(Article Last Updated 2/16/21)
Did you know that Red Hen Turf Farm produces and sells 2 kinds of sod?
Since 2018, we have carried both our flagship 100% Kentucky Bluegrass Sod, and more recently our “Tall Fescue Sod”.
Of these 2 choices, our Kentucky Bluegrass Sod is a more popular cool-season turf grass that is specific to our Midwest region.
By far, the majority of sod we sell is our Kentucky Bluegrass Sod.
So what are the main differences between Red Hen’s two types of Sod, and why might you choose one over the other? We get this question a lot.
FOR A QUICK SUMMARY…
Our Red Hen 100% Kentucky Bluegrass Sod (aka KYB Sod or Bluegrass Sod) is a beautiful, lush, and finely textured natural grass. It is a blend of four high quality, top performing seed varieties, and is widely used on golf courses, athletic fields, and home lawns.
Our Red Hen Tall Fescue Sod (aka Fescue Sod or Tall Fescue Sod) is 90% Rhizomatous Tall Fescue and 10% Kentucky Bluegrass, and is grown for its superior density, dark color, and fine leaf texture. The fescues in this mix provide increased spreading ability, deep rooting, and are drought tolerant. The fescues and Kentucky Bluegrass in this mix provides lower irrigation requirements once established.
But, to dive in deeper, let’s start by focusing on Red Hen’s KENTUCKY BLUEGRASS SOD …
Kentucky Bluegrass is by far (in our opinion) the more beautiful of the two turfgrasses. It has a deep, emerald blue-green color with boat shaped blades and spreads quickly via rhizomes, (which are basically underground roots) to form a dense “knitted” type sod.
Kentucky Bluegrass does best in full sun but needs at least 4 hours or more of DIRECT sunlight per day to thrive. Kentucky bluegrass requires regular maintenance. Routine fertilization is key to maintaining this beautiful, lush turf.
Kentucky Bluegrass has a shallower rooting system than Tall Fescue Sod. Because of its shallow rooting system, Kentucky Bluegrass has lower tolerances for heat and drought. This is why it is important to follow good watering habits, especially in the heat of the summer.
Every spring, we have a handful of our new Kentucky Bluegrass sod customers call us early in the spring and ask us, “Why is my sod is still brown when my neighbors’ lawns are already greening up?” Well, it’s just nature being nature! Kentucky Bluegrass takes a few extra weeks to “green up” than fescues and rye grasses. This is absolutely normal for this type of grass, so it’s nothing to worry about. You can read more about this issue in our previous blog post, “Straight from our FAQ VAULT … It’s Spring, but why is my Kentucky Bluegrass Sod not GREEN yet?”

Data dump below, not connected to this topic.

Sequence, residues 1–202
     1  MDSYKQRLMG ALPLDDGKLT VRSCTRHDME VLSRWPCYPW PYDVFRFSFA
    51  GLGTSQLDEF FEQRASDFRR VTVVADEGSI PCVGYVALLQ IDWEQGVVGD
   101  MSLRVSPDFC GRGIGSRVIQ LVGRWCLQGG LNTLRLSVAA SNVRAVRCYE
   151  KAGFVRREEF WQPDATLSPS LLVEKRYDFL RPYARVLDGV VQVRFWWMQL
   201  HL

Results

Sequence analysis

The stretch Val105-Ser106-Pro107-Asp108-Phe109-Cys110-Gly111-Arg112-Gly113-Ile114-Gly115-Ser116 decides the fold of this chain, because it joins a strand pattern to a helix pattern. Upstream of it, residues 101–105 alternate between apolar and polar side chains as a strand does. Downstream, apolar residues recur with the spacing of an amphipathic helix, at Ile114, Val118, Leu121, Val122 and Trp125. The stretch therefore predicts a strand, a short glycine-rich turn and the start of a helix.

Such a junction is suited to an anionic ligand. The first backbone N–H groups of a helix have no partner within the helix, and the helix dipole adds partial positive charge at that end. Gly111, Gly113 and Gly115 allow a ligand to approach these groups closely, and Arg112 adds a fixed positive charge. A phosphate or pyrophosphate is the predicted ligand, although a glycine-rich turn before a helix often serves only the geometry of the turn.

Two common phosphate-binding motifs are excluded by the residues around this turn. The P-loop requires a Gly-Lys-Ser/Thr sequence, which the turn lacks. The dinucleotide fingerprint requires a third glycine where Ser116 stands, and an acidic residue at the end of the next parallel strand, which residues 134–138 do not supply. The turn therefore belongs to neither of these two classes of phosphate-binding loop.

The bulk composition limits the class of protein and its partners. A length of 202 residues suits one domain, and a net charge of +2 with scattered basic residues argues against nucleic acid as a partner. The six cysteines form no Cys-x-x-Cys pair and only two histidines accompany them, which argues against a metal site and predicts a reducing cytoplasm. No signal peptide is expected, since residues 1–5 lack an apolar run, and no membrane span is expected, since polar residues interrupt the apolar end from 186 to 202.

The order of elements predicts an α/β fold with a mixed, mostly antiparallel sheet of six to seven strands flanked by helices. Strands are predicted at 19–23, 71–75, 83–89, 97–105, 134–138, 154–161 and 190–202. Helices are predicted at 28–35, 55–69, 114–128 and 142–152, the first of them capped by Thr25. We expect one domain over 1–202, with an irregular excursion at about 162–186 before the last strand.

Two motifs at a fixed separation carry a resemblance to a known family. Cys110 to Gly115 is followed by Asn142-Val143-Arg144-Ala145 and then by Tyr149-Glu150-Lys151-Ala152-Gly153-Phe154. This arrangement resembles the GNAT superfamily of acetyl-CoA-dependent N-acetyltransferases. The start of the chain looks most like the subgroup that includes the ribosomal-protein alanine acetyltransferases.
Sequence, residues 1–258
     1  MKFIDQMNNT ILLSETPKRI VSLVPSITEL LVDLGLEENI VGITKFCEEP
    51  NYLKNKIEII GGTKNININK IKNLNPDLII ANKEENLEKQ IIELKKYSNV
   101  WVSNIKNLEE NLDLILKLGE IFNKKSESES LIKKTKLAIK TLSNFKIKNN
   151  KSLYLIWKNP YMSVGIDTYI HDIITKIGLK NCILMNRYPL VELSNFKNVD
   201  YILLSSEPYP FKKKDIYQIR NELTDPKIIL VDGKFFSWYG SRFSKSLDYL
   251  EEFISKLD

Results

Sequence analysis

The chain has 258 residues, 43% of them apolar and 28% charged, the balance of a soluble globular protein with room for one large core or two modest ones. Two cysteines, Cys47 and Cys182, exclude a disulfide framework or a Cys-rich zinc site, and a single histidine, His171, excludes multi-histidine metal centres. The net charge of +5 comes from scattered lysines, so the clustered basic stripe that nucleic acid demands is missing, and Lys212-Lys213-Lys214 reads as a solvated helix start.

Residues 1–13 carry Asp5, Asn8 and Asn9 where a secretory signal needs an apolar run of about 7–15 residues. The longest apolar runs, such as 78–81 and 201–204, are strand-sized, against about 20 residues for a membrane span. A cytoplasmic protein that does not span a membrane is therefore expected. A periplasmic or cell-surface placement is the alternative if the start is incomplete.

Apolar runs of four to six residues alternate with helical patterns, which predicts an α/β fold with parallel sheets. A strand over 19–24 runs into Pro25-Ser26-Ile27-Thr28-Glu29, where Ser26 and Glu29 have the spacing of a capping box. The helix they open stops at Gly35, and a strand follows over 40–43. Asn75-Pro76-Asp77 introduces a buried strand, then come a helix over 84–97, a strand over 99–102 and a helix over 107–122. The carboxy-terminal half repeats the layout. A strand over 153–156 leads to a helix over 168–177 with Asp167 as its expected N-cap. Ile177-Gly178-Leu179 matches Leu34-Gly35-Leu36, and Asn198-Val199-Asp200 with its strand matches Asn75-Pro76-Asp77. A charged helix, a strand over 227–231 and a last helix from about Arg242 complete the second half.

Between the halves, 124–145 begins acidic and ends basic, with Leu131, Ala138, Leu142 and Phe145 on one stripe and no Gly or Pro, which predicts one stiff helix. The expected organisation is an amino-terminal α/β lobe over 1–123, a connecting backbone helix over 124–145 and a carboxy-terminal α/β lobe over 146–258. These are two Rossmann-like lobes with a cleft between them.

One of the best things about Kentucky bluegrass is, once it’s established – it has the ability to repair, spread and recuperate quickly from damages.
IN SUMMARY: Kentucky Bluegrass Sod Maintenance Level: Medium to High: Follow watering instructions, mow “right”, and fertilize regularly for best results. To keep pests and diseases at a minimum, promote a thick, dense turf by regularly fertilizing.
Now, let’s switch over to focusing on RED HEN’s TALL FESCUE SOD …
Red Hen’s Tall Fescue Sod is slightly lighter in green color compared to Kentucky bluegrass, but is still pretty dark in color compared to some other types of fescues. It is a deep-rooted, cool-season turf grass that adapts well to a wide variety of soil types. The deep root system allows Tall Fescue to tolerate drought conditions better than Kentucky Bluegrass.
Many of our customers ask if we have “shade grass.” Our response is, “no grass likes shade.” However, our tall fescue is a great heat and drought tolerant grass that tends to do well, even in less-irrigated areas.
Typically, tall fescue grasses have a “bunch-style” growth habit without the ability to spread like Kentucky bluegrass’s rhizomatous root system. However, with the advent of this past decade’s turf technology, Rhizomatous Tall Fescue is the only tall fescue variety with true rhizomes, which help its roots knit together, repair and spread better than regular fescue.
The seed mix used to grow Red Hen Tall Fescue Sod is comprised of 90% Rhizomatous Tall Fescue, which helps with installation and makes for quick establishment. Re-seeding Red Hen’s Tall Fescue Sod is often still necessary in damaged areas, as the turf can tend to be “clumpy” versus the tightly knit Kentucky bluegrass.
Since less water is needed for Red Hen’s Tall Fescue Sod, it is a common choice for those who do not have access to irrigation and desire a lower maintenance lawn.
IN SUMMARY: Red Hen’s Tall Fescue Sod Maintenance Level: Low-Moderate: Less irrigation and less fertilizer is needed – once established. Avoid fertilizing in the late spring and summer (warmer) months.
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Or, as always, Purdue offers a wide range of free educational, research-based articles about home lawn care in our part of the country – HERE’s THE LINK
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